The test can tell Zika from dengue, and also can distinguish among four different strains of dengue.
A new pregnancy strip-like test can quickly and accurately detect Zika and dengue viruses from blood, according to a study which used serum samples from several affected countries including India.
The test developed by researchers, including those from Massachusetts Institute of Technology (MIT) in the US, accurately diagnoses Zika and dengue and can tell the two mosquito-borne viruses apart.
Researchers checked the accuracy of the test by testing blood serum samples taken from people in regions where Zika has hit hardest, including Brazil, Colombia, Guatemala, India, Mexico and Panama.
It resembles a pregnancy test strip and contains antibodies that react to the presence of Zika or dengue virus, and gold nanoparticles that respond to the antibody reaction.
"In light of the problems with Zika virus causing microcephaly - a genetic abnormality resulting in a smaller- than-normal head - and other defects in babies born to infected mothers, it is important a pregnant woman would know if her fever is caused by Zika virus or dengue virus," said said Lee Gehrke, a professor at MIT.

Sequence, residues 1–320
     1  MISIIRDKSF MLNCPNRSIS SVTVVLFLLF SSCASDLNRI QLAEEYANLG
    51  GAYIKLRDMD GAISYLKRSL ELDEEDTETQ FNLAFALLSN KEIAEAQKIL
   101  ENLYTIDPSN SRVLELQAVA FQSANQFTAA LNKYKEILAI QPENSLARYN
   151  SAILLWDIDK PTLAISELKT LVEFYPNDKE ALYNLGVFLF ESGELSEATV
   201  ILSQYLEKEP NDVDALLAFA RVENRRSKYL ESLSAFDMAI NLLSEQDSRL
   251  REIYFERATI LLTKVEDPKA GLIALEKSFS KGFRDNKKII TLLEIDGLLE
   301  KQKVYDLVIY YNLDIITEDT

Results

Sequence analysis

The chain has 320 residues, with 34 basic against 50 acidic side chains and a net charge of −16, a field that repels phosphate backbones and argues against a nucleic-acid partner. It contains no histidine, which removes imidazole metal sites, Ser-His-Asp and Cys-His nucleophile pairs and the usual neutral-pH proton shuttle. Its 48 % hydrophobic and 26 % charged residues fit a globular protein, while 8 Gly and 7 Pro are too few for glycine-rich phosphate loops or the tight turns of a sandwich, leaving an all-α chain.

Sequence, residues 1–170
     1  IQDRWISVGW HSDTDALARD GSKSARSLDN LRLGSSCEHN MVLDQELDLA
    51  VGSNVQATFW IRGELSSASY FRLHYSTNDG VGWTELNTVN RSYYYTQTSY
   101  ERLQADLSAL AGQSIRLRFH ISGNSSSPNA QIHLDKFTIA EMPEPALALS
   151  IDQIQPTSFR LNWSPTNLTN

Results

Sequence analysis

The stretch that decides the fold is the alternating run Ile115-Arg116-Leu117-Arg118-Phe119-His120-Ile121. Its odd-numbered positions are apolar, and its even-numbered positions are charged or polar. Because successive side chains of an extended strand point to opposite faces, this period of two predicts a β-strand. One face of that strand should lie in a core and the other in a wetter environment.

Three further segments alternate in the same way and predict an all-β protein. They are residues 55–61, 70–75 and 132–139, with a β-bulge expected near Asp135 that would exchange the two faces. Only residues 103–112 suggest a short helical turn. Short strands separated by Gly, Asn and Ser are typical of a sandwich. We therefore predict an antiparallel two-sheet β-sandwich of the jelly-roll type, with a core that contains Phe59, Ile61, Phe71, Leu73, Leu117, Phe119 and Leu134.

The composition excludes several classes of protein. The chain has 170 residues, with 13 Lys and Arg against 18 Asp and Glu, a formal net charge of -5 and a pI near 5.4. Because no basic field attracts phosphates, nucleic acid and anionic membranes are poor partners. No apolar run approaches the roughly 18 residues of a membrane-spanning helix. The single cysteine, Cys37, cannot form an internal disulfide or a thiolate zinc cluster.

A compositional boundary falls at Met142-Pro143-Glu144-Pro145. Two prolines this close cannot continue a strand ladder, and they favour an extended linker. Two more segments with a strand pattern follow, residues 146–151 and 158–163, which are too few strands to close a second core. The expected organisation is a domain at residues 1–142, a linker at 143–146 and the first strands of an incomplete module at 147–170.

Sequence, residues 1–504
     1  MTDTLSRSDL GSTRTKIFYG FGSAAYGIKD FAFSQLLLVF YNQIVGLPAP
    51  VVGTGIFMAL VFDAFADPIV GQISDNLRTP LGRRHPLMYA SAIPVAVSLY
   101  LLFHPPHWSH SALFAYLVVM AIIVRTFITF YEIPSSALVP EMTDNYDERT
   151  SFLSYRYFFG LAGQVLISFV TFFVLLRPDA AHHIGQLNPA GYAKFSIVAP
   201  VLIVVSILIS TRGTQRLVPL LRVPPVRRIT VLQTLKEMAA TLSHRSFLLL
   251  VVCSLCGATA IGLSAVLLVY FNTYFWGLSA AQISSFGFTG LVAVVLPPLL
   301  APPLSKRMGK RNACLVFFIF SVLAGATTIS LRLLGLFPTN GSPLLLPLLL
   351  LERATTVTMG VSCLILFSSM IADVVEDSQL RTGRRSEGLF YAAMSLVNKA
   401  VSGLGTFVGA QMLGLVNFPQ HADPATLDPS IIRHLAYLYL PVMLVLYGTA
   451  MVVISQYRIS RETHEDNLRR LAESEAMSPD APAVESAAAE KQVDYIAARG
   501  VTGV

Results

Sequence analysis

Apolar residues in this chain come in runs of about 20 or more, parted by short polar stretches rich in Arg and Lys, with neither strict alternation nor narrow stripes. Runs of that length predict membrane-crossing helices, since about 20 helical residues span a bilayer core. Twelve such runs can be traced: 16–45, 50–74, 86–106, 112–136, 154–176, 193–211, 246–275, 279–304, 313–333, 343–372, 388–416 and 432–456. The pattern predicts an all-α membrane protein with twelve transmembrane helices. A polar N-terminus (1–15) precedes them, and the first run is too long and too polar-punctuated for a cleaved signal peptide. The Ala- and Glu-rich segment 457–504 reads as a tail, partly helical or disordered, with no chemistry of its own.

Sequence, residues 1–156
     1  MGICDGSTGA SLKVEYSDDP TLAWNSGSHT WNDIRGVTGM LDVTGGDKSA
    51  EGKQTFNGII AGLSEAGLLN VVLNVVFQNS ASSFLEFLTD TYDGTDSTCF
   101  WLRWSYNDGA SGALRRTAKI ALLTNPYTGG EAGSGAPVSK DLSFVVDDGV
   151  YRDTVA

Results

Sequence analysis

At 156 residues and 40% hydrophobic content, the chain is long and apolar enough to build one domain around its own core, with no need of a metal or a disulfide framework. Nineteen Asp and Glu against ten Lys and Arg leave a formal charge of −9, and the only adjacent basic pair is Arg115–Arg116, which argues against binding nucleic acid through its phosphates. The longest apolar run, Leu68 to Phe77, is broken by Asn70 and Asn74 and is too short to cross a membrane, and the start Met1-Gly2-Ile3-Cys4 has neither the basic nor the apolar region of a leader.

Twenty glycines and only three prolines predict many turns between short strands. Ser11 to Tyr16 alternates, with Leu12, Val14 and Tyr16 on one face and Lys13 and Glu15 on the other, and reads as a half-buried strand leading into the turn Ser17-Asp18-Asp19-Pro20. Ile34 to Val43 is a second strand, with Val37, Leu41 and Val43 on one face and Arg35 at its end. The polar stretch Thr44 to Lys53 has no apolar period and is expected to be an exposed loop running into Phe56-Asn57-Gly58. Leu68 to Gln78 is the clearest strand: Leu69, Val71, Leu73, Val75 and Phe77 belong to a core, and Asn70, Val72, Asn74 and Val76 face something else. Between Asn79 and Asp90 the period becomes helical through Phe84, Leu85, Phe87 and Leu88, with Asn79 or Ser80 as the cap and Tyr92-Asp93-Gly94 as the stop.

To use the test, a medical professional would dip the strip into a tube of either blood serum or whole blood, the study published in the journal Science Translational Medicine stated.
"If it is a positive test, then we see a dot or a line on the test that results from seeing the gold nanoparticles that signal the antibodies recognising the viral protein," said Gehrke.
The test can tell Zika from dengue, and also can distinguish among four different strains of dengue, Gehrke added.
Zika and dengue both belong to the same viral family, which are called flaviviruses. They are two closely related viruses spread by the same mosquito, researchers said.
The team developed the new test because current testing products sometimes cross-react between Zika and dengue, providing a false positive for Zika when the patient actually has the other virus.
The test proved 80 per cent to 90 per cent accurate in detecting Zika and avoiding false positives.
The test is also expected to be very affordable. Currently, material costs are about five dollars per strip.